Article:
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December 13, 2016updated 13 Jan 2017 11:40am

Cyber security 2017: Evolution not revolution?

Will next year in cyber security simply bring more of the same: ransomware and phishing?

By Alexander Sword

Cyber security seems a hard industry to make predictions for, considering that the success of a cyber attack depends largely on it being unpredictable.

Or so it would seem. Because what really seems to emerge from speaking to cyber security experts about the threats on the horizon in 2017 is that the major threats from this year will evolve and continue to wreak havoc.

This year’s Verizon Data Breach Investigation Report found that most attacks exploit vulnerabilities that are known and have not been patched even though patches may have been available for months or years. The top 10 known vulnerabilities accounted for 85 percent of successful exploits, while 63 percent of confirmed data breaches involved using weak, default or stolen passwords.

It is likely that this will continue to be the case until cyber security professionals get their act together and start handling the basics. While awareness of cyber risk is increasing each year, the increasing number of widely publicised breaches in 2016 does not seem to have provided a watershed in adoption of basic cyber security practices.

For example, FireEye CEO Kevin Mandia said at a recent roundtable that sophisticated zero-day attacks are mainly reserved for attacks by nation-backed actors.

A key example of this was provided in 2016 when Citizen Lab and Lookout Security were contacted by Ahmed Mansoor, a member of Human Rights Watch’s advisory committee, who was sent two text messages containing hyperlinks and promising information about detainees in United Arab Emirates prisons.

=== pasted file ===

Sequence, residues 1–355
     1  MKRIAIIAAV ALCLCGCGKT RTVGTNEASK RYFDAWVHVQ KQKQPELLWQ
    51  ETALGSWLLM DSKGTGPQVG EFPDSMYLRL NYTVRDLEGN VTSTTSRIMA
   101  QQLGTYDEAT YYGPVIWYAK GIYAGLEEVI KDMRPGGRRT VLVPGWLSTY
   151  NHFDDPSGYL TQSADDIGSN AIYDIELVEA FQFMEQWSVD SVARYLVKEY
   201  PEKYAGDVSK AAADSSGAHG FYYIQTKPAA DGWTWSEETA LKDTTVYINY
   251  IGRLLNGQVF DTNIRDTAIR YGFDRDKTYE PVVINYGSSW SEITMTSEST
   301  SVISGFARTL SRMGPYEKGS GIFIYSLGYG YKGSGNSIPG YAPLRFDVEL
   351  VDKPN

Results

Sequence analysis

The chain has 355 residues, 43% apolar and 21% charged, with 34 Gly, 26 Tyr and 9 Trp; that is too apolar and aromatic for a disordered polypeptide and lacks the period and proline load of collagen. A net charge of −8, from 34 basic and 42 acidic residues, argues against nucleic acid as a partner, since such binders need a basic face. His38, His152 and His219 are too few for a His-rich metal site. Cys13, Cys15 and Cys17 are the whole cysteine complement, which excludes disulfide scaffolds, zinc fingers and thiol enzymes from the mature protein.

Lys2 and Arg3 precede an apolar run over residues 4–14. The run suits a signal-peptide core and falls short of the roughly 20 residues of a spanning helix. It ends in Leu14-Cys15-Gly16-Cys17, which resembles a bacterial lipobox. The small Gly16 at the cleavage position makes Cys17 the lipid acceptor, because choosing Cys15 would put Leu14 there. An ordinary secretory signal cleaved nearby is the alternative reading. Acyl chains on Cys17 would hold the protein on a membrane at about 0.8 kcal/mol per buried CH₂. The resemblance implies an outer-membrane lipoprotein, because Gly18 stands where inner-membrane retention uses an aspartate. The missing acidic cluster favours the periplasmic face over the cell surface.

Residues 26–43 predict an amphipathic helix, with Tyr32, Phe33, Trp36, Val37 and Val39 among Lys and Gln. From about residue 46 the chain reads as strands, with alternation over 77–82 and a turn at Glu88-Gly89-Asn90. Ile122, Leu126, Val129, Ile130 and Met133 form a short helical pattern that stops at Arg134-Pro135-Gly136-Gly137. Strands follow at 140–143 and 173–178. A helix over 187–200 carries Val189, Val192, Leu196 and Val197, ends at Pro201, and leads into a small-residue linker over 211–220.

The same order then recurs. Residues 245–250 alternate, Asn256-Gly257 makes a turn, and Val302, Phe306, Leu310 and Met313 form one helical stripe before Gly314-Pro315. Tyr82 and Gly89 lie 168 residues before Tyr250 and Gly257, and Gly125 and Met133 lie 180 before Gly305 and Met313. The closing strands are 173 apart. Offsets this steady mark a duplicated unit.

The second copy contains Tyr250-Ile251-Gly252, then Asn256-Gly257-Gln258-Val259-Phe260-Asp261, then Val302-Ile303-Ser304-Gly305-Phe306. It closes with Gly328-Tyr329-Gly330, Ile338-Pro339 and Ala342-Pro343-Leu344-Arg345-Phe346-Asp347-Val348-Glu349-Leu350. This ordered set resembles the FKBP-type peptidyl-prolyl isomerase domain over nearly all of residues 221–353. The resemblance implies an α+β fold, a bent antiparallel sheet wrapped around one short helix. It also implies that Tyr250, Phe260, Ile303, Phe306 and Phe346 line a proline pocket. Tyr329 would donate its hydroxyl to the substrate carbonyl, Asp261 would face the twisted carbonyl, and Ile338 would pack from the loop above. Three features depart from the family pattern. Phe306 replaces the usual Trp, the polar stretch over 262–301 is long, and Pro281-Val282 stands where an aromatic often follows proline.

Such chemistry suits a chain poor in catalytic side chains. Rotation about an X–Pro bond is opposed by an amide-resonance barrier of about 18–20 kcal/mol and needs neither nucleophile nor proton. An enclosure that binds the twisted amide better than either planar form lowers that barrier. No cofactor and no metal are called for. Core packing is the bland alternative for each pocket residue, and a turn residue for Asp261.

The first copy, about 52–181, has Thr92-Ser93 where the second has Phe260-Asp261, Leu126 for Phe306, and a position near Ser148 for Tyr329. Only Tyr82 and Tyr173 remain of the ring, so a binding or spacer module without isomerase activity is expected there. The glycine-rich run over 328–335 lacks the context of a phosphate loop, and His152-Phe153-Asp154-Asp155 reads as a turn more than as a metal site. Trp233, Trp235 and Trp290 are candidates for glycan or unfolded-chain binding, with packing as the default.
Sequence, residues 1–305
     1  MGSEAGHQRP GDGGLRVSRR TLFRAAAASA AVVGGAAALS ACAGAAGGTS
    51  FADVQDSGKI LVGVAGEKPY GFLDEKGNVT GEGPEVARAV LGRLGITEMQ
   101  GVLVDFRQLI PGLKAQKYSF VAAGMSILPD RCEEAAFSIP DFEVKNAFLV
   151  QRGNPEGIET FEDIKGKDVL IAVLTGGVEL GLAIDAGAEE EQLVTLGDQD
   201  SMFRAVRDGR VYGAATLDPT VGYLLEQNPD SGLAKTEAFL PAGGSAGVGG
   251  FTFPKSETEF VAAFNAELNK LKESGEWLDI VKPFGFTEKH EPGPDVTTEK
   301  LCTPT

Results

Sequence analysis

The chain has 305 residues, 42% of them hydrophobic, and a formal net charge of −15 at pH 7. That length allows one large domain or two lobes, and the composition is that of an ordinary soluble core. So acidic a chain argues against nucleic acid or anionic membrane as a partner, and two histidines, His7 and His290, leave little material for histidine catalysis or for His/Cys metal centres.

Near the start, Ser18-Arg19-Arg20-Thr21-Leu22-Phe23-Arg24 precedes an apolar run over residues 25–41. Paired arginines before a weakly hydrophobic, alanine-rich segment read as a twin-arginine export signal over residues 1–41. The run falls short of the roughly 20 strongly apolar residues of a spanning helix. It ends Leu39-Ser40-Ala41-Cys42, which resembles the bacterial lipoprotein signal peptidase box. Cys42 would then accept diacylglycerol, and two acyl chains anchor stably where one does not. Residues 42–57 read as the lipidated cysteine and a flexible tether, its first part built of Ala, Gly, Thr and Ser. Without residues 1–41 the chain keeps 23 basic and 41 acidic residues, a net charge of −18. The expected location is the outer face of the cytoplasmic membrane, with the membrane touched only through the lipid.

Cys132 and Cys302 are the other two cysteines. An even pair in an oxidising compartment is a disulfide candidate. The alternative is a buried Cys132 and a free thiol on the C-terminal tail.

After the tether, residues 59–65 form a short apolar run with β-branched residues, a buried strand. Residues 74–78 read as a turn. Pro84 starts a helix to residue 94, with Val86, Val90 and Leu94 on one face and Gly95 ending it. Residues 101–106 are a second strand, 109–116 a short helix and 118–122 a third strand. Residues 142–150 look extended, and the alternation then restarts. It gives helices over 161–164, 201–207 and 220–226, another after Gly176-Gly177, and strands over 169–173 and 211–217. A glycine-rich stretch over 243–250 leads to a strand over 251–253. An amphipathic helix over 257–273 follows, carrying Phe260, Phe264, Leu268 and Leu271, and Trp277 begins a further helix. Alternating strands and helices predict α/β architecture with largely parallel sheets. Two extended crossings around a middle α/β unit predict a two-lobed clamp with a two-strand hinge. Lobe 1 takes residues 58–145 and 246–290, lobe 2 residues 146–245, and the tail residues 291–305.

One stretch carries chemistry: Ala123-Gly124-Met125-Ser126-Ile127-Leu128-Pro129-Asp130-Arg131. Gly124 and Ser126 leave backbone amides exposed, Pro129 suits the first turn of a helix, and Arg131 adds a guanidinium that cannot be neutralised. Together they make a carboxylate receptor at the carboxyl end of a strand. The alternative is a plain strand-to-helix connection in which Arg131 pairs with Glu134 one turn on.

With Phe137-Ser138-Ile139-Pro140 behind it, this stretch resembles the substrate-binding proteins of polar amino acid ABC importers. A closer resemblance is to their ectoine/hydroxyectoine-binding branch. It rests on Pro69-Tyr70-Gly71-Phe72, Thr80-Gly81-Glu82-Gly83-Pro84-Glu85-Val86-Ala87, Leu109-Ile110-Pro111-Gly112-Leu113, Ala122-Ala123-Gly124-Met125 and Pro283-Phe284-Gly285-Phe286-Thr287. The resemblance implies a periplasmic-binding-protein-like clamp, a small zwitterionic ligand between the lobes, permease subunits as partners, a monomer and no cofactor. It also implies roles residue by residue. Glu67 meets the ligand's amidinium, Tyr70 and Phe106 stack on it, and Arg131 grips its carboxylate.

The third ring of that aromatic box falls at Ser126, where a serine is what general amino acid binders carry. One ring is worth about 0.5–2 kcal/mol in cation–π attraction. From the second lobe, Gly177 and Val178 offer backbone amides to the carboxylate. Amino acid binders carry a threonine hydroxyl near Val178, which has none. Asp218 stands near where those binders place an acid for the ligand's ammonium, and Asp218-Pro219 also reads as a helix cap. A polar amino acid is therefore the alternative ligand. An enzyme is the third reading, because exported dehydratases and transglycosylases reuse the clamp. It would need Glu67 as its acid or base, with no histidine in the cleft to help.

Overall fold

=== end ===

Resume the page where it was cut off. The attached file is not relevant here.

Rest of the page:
ransomwareThe firms found that the attack was using three critical iOS zero-day vulnerabilities, collectively termed Trident, that together form an attack chain that subverts Apple’s security environment. The description ‘zero-day’ means that the attack was found ‘in the wild’ or in active use by cyber attackers, rather than discovered by security researchers in a lab.

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These attacks exist, but mostly they will be saved for high-value targets like Mansoor. Why waste an advanced cyber attack when the basics are working? Cyber criminals want to maximise their returns just like any other business.

So perhaps it should be no surprise that ThreatQuotient CEO John Czupak identifies spear phishing and ransomware as his top two threats for 2017: attacks that have been prevalent in 2016.

As he says, these attacks remain “easy to do and lucrative”.

Ransomware is malware that encrypts files on a victim’s device and forces them to pay a ransom to the attacker before they can access the files.

Steve Ginty, PassiveTotal co-founder and security researcher at RiskIQ, believes that we will continue to battle ransomware through 2016.

“The minute we come up with good defences, the actors immediately evolve to those defences. But something you will see is more visibility into those attacks.”

Ransomware was a theme on Kaspersky Lab’s list of 2017 predictions. The firm suggested that more threat actors would get into the space, potentially undermining the basic principle of payment in exchange for decryption.

Ginty of RiskIQ also believes phishing will remain a major issue next year.

“Phishing is still successful because it is exploiting humans. We can control for a lot of things: identify phishing sites and phishing emails,” says Ginty. “But we are still relying on our end users to be vigilant and not click things or surf to those sites.

“That’s always going to be a hurdle. Even most of the advanced actors still use email as an avenue into an environment.”

Essentially, until we start challenging cyber criminals we don’t need to expect any big advances in their capabilities.

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